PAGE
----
The only hint of nearby legendary greatness is a handwritten sign on an orange parking cone on the fourth step of a concrete staircase in the back of a strip mall in Hollywood.
The sign says that the Wild Card Gym will be closed at 1 p.m. It doesn't get more specific, but anybody who knows anything about boxing knows the reason.
Manny Pacquiao will be training on this day.
This is as organized as it gets at the Wild Card Gym. Before 1 p.m., as well as every day when Pacquiao is not in town to train for another fight, the Wild Card is wonderful chaos. The drumbeat of punches to the heavy bags finds a rhythm with the rat-tat-tats to the speed bags. Whistles blow, ending sparring sessions. Clanging bells do the same. Full-throated trainers motivate pupils, who respond with ear-piercing groans at sit-up No. 200.
The parade up and down the concrete steps is nonstop. Most are young men dreaming of becoming the next Pacquiao. Some are women. Some are even world-class fighters (Paulie Malignaggi) or world-class movie stars (Mickey Rourke). At peak hours, the smell of napalm in the morning wouldn't even register over the body odor.
Air conditioning? Not needed, not wanted. This is the home of the uppercut, not the upper crust.
All of which makes this Pacquiao training day a surprise. The Wild Card is quiet, uncrowded, the hyperactivity chased away in preparation for the arrival of the king.
It is past 1 p.m., of course. The only thing punctual about boxers is their jab. The rest of the world runs on clocks. They run on approximations.
"Manny's been pretty good in this camp," says Freddie Roach, the man who owns and operates Wild Card and also has trained Pacquiao into an international sports legend. He means Pacquiao has, occasionally, been on time. It can also be taken as a comment on how the training camp has been for upcoming Battle No. 4 with Juan Manuel Marquez.
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"Manny's work ethic is still good, he still wants this," Roach says. "I'm pushing him. I had a couple of tough guys in here from Russia to spar with him and he handled them. I made him quit playing basketball a month out, and he has. I worry about jammed fingers and sprained ankles."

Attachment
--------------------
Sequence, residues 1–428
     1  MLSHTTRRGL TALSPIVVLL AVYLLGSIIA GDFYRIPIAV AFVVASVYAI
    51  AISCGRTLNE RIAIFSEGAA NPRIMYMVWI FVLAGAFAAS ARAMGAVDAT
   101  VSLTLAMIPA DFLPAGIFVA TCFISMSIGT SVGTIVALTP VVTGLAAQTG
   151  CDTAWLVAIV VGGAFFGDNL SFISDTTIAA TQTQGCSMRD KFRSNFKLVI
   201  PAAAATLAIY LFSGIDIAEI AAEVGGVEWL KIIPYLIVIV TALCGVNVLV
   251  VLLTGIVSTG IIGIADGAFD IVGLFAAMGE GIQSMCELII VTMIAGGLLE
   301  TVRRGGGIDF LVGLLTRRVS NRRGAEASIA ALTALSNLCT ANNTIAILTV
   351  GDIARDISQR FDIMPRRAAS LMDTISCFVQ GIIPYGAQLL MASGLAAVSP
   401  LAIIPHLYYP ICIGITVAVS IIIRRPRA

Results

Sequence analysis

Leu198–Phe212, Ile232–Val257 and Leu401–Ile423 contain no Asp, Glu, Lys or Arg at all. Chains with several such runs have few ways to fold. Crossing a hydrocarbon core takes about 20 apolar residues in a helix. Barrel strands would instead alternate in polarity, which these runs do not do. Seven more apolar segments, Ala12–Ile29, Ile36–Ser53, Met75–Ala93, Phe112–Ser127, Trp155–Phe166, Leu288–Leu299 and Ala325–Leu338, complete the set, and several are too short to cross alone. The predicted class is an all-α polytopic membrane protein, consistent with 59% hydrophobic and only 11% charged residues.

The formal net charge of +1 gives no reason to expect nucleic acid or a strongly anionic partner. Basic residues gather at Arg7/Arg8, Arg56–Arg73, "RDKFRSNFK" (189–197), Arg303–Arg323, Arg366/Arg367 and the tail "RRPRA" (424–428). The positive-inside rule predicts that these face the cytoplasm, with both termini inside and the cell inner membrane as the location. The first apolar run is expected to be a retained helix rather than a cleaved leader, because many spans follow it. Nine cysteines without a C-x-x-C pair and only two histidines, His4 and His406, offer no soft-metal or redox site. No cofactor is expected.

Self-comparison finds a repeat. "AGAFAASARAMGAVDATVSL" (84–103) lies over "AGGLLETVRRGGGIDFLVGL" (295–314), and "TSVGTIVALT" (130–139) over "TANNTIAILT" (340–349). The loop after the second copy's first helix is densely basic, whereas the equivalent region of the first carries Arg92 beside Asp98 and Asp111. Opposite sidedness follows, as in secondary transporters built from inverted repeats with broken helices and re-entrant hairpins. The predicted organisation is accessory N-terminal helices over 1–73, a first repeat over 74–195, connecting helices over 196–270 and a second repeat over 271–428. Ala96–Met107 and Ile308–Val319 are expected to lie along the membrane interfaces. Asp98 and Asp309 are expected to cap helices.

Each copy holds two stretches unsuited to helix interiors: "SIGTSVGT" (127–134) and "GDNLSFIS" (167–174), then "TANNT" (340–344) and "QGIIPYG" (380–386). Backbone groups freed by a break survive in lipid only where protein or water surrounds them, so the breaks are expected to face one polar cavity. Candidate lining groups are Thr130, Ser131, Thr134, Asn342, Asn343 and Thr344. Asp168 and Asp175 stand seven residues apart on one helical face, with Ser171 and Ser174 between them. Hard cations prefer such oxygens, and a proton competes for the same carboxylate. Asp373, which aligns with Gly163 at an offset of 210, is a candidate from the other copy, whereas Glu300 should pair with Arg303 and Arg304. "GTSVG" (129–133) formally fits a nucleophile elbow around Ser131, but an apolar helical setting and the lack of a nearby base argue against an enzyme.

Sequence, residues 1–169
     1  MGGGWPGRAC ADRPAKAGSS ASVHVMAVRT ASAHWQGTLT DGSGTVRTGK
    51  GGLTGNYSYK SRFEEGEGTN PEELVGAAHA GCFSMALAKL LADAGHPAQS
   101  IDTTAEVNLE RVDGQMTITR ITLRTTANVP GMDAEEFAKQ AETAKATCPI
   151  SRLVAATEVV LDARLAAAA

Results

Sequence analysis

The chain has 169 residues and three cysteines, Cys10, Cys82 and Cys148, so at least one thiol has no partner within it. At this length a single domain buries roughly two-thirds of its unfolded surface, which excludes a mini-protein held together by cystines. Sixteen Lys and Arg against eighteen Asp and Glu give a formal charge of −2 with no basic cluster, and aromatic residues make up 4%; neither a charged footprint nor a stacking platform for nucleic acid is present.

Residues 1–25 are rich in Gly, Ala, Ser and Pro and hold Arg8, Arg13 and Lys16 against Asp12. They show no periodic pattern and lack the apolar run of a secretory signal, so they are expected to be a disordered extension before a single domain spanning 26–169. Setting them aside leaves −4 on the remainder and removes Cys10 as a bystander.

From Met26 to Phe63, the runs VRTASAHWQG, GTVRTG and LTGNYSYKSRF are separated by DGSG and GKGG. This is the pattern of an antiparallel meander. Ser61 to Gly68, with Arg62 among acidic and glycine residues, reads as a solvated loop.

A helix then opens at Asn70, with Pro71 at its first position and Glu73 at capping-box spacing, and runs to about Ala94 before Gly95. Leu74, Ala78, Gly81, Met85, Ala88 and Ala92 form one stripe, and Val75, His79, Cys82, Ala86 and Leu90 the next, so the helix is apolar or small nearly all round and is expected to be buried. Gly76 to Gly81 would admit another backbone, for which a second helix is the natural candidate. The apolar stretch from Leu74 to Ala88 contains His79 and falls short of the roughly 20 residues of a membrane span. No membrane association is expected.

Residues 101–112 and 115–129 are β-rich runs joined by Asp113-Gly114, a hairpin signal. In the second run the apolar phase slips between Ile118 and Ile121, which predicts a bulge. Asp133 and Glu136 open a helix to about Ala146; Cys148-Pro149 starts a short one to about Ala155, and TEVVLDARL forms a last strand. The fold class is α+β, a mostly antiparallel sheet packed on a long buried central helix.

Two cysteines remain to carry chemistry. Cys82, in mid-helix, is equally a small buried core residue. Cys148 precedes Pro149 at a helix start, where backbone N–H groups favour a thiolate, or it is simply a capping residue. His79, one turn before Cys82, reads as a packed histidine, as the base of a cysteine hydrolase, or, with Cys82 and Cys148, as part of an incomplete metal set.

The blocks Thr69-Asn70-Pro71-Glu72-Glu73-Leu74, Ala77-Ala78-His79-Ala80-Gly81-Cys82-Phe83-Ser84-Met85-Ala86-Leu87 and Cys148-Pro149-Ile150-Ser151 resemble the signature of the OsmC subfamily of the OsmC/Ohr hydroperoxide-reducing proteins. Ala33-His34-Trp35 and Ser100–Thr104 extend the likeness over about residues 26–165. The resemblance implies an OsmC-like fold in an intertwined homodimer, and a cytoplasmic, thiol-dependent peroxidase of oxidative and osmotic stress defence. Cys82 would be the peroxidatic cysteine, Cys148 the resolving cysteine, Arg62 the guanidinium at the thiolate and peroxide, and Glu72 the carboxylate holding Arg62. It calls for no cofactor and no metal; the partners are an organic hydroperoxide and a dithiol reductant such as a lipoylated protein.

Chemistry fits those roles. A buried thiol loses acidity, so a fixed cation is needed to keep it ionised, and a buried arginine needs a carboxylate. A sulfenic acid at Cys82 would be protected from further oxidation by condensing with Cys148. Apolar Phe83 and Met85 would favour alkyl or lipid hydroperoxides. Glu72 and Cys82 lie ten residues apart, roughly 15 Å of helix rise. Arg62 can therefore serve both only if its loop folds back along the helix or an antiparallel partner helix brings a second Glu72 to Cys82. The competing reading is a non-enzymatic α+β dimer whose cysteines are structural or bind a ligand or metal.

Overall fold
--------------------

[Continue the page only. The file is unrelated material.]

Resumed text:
Pacquiao will be 34 nine days after his Dec. 8 fight with Marquez, 39, at the MGM Grand in Las Vegas. He has been fighting since January 1995, when he was 16. He weighed 106 pounds then. Now, his record is 54-4-2 and he has fought weighing all the way up to 147. He has beaten almost everyone of note and reasonable size. Marquez remains a sliver under his fingernail.
In their first fight in 2004, he knocked Marquez down three times in the first round and still managed only a draw. They called that one a split-decision draw (one judge had it even and the other two had a different boxer winning). In '08, Pacquiao won a split decision (two judges had him winning, the third had Marquez). Last November, he took a majority decision (two judges had him winning, the third had it a draw).
All three times, Marquez screamed we wuz robbed.
The public itself seems split on this fourth one. Is it really another chapter in a thrilling page-turner or deja vu all over again? Should we be excited at the prospect or insulted by the premise? Are the $1,200 ringside seats a value or a fraud?
Roach indicates that Pacquiao has tired of the whining from the Marquez camp. Roach says Pacquiao wrote on a tablecloth during one of the media-tour luncheons, "We've got to knock this guy out."
From most in boxing, that would be typical hype. From Roach, who suffers from the rare disease in boxing called honesty, it is worth noting. He says that Pacquiao, now a congressman in the Philippines, still is fast and still is good and still wants this boxing life. But when pressed about how much longer he will, Roach says he thinks Pacquiao will have "a couple more" fights.
It is close to 2 p.m. now. Pacquiao sits in his closet-size dressing room, wrapping his hands and answering media questions. Roach has said the tactic against Marquez will be fast footwork and faster combinations. Pacquiao says the tactic will be "more aggression."
The elephant in every room Pacquiao is in used to be Floyd Mayweather Jr. Will they ever fight? Does he still care? Now, even reporters are bored with the subject. It remains the one thing boxing fans universally want and are unlikely to ever get.
Mayweather is in the news recently, when he puts out an Internet video in which he displays and brags about all his jewelry and shows a duffel bag filled with what he says is $1 million. The video's purpose seems to be to enhance his brand as "Money Mayweather." About the same time Mayweather's video is (in the wretchedly overused Internet term of our time) going viral, Pacquiao is handing out self-purchased turkeys and pumpkin pies at a church at the Veterans Affairs grounds in Westwood. He says, "I am thankful for the many great friends I have made in this country."
In reality, Mayweather isn't that big a jerk and Pacquiao isn't that much of saint. But their night-and-day lives and personalities are the kind of good-versus-evil booster shot boxing needs.
Instead, we will get Pacquiao-Marquez IV.
It might be good. It could be great. Or it could create for boxing something it doesn't want and can't afford, something like Pacquiao training afternoons at the Wild Card.